You probably know Ken Stringfellow as the co-leader of Northwestern power-pop all-timers the Posies or as a sideman for R.E.M. or latter-day Big Star. He’s also a solo artist (we’re particularly fond of the soft-rock American beauty that is 2001’s Touched) and is currently preparing the debut by his Norwegian garage-rock band, the DiSCiPLiNES. Each day this week, magnetmagazine.com guest editor Stringfellow will be filing reports from his home on the European continent.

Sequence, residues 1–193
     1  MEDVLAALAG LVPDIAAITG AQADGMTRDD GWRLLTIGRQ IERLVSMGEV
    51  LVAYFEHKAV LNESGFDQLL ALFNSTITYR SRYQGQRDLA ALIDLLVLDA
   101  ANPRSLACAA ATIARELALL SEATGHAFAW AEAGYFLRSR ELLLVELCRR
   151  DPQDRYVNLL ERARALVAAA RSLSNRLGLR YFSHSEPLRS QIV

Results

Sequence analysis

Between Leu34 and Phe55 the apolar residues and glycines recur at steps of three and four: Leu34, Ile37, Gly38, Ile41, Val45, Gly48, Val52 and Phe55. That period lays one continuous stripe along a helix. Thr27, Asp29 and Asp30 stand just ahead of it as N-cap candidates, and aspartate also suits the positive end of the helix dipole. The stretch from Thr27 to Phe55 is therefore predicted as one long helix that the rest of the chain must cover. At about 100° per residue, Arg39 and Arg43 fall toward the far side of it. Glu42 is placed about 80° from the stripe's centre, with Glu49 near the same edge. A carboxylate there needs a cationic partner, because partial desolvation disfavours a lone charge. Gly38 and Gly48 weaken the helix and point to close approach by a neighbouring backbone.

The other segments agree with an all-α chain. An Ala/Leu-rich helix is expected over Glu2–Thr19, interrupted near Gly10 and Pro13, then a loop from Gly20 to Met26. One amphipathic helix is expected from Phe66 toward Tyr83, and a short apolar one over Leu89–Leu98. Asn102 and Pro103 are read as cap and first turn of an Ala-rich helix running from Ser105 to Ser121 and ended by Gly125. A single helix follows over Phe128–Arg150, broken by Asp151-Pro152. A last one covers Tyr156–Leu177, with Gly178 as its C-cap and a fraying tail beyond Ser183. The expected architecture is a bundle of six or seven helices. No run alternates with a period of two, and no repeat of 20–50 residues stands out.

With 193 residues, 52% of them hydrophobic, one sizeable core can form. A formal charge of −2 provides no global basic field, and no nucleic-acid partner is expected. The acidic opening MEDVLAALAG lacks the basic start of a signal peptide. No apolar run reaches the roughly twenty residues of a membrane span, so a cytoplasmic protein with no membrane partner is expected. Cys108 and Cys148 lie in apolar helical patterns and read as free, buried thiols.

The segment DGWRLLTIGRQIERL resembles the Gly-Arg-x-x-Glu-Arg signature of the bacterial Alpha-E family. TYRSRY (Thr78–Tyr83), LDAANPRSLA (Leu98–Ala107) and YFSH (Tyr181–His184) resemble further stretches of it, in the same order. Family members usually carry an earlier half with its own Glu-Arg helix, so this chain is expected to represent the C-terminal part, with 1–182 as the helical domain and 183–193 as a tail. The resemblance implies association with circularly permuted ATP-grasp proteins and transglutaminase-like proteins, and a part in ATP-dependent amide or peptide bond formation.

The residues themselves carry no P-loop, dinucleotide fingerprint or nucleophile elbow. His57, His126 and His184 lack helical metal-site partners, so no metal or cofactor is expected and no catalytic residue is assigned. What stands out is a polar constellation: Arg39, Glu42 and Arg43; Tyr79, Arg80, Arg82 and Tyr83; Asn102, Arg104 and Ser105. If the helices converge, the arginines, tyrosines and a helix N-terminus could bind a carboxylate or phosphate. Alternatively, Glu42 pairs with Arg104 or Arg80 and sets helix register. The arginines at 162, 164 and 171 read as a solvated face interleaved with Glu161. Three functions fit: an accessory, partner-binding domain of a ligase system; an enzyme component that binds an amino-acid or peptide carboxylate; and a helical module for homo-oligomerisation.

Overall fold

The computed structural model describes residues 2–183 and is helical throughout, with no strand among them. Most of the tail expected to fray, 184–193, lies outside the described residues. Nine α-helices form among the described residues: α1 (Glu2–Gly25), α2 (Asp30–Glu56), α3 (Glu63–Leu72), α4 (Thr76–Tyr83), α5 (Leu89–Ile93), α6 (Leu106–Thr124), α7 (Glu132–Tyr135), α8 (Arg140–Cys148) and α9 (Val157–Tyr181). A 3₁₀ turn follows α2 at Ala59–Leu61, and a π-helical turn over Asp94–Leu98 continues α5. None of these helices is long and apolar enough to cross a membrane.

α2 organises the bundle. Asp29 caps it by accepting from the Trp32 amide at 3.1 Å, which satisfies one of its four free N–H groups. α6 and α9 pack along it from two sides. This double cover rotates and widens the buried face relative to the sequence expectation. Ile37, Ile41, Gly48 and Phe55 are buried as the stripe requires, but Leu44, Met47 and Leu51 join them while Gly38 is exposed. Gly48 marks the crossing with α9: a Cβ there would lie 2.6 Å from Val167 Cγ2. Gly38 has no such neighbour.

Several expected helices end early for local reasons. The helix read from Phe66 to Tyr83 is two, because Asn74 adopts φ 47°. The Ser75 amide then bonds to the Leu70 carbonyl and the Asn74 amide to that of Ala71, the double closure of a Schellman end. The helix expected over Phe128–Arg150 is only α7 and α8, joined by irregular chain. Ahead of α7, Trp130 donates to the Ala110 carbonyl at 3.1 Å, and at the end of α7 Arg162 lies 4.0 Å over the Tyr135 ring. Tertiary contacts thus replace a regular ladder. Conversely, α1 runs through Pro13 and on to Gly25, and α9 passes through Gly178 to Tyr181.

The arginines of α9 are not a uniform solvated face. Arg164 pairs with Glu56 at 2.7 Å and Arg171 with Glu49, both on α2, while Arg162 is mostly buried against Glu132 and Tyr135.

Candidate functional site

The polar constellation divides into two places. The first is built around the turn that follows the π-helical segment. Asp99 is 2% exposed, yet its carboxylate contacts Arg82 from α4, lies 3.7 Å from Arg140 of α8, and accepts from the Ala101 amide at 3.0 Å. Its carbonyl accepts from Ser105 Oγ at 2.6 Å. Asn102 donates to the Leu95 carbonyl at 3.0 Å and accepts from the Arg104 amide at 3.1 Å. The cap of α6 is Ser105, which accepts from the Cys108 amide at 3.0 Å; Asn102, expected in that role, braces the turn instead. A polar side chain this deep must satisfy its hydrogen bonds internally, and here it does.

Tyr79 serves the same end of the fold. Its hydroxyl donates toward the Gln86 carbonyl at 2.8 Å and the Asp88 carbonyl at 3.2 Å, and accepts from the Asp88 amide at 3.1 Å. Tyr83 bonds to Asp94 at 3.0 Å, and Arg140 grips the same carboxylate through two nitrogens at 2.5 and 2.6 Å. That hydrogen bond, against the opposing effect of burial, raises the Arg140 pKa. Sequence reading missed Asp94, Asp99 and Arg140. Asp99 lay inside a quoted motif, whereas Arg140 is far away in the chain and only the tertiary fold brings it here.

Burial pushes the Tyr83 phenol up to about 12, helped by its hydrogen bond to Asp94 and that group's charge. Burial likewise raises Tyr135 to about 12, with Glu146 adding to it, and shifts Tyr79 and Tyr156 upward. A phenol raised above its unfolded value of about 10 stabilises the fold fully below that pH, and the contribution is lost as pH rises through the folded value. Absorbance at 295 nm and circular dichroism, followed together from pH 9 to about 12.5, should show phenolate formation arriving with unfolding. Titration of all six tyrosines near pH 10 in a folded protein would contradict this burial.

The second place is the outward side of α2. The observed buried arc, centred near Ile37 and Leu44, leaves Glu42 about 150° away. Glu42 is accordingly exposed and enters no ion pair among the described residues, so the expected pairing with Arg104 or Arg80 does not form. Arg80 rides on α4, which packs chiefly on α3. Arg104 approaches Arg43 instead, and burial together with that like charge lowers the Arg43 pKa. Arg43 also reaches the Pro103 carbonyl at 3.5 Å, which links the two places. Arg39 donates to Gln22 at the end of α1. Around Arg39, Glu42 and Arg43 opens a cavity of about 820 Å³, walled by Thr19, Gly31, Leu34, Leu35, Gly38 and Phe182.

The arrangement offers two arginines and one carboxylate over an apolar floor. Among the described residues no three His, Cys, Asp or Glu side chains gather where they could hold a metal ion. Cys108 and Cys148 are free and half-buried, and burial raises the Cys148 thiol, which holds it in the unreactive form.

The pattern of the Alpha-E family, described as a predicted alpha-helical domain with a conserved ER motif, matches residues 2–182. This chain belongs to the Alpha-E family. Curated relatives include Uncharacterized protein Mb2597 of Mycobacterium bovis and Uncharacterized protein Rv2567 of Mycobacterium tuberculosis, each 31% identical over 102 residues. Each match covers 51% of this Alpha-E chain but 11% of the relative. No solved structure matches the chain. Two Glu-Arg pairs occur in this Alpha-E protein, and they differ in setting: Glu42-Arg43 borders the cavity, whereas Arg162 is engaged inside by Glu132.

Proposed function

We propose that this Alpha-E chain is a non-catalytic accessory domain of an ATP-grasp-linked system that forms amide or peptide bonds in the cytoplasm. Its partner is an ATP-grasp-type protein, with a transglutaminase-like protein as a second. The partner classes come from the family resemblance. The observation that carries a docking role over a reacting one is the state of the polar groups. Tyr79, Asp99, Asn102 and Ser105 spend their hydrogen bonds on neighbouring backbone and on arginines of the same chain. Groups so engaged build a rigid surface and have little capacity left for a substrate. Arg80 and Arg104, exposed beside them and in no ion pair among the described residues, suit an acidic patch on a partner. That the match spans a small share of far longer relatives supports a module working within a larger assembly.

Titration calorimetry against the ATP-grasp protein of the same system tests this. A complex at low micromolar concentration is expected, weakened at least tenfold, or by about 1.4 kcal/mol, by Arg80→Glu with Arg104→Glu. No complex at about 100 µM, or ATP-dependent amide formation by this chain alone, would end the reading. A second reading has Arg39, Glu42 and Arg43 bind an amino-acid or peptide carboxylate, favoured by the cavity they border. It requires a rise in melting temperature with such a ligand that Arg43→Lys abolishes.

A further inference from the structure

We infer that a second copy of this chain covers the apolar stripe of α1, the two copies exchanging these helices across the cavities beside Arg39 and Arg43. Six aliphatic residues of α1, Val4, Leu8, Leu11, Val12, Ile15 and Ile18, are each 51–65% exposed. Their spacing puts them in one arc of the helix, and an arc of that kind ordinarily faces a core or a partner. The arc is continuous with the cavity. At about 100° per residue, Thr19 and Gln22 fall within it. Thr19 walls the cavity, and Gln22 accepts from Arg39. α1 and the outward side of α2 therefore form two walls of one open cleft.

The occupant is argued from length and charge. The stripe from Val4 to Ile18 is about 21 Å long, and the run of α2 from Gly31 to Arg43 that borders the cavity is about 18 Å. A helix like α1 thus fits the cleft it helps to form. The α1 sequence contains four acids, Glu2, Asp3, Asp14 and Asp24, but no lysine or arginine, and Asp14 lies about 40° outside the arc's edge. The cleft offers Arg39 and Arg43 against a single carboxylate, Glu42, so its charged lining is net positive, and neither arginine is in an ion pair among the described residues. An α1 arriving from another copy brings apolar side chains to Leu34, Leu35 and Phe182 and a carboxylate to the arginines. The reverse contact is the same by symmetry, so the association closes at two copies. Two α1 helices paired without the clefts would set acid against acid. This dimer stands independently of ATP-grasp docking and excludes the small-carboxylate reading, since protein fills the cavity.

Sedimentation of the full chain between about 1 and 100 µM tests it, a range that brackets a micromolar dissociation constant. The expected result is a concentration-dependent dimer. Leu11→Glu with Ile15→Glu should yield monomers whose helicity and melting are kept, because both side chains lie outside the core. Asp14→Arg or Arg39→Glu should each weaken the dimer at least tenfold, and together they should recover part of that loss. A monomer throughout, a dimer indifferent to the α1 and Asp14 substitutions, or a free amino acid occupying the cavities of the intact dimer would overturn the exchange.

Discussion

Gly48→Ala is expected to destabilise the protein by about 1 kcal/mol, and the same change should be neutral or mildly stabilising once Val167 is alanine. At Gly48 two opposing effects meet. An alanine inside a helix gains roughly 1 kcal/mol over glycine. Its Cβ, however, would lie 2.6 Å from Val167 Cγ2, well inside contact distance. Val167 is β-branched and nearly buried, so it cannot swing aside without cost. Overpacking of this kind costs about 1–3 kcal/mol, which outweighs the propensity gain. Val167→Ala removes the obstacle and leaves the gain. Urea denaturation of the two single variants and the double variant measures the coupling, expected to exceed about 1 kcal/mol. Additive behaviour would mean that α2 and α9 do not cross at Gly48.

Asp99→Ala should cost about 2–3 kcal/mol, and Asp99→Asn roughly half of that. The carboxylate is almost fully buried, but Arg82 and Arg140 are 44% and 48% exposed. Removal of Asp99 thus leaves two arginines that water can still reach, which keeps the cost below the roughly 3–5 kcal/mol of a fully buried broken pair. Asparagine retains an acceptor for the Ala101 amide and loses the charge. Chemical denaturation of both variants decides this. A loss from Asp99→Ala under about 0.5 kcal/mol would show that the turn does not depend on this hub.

Stringfellow: Let it be said that I spent two decades living in Seattle and, essentially, saw the rise of McEspresso culture, which was paralleled in Seattle by its counterweight, the pursuit of espresso excellence. Meanwhile, in Europe, the Italian machines have been increasingly set aside for nasty pushbutton models, and here the creep toward One Company, One Coffee is personified by Nespresso, which has been keeping Nestlé afloat during the crisis. It seems that Europeans prefer to self-medicate with the little multicolored foil packets rather than, say, a shot of Cuervo with an MGD chaser. Oddly, France, the epicenter of gastronomic elitism, is home to some of the most unpleasant, burnt, soapy, slapped-down-with-no-love café on the planet. I think the French enjoy suffering and wingeing, and the acrid tang of a Gauloise (now smoked outdoors) and a horribly mangled espresso are their daily tithe to compensate for the largesse they enjoy, living in what they are sure to tell you is the greatest worst country on earth. Now, stepping back from this view, and zooming out far enough to refocus on Norway, we discover a different mindset altogether. Tim Wendelboe trained at Stockfleth’s, which is a fairly decent place to get your morning started, but then took it up several hundred notches by opening his own roastery and espresso counter in Grünerløkka, Oslo’s hipster neighborhood. Nothing but coffee and maybe one or two bakery items. No flavored syrups, no tea, no donuts. It’s just ridiculously perfect espresso, sourced from the best possible growers in Ethiopia, Guatemala, India, etc., roasted to the absolute highest standards; the boutique also serves as a school for roasters and baristas, with people coming from around the world to train with Tim. What I love about TW is that every imaginable detail of the environment—the look, the music selection (and its groovy ’60s Tandberg playback system), the utensils, etc.—has been overseen and is consistent with Tim’s commitment to his craft. Being a frequent traveler, eating in restaurants with Michelin’s highest accolades, staying in top hotels on tour—nowhere in Europe have I found better espresso than Tim Wendelboe’s, and only a few of the most fanatical places in Seattle can rival it.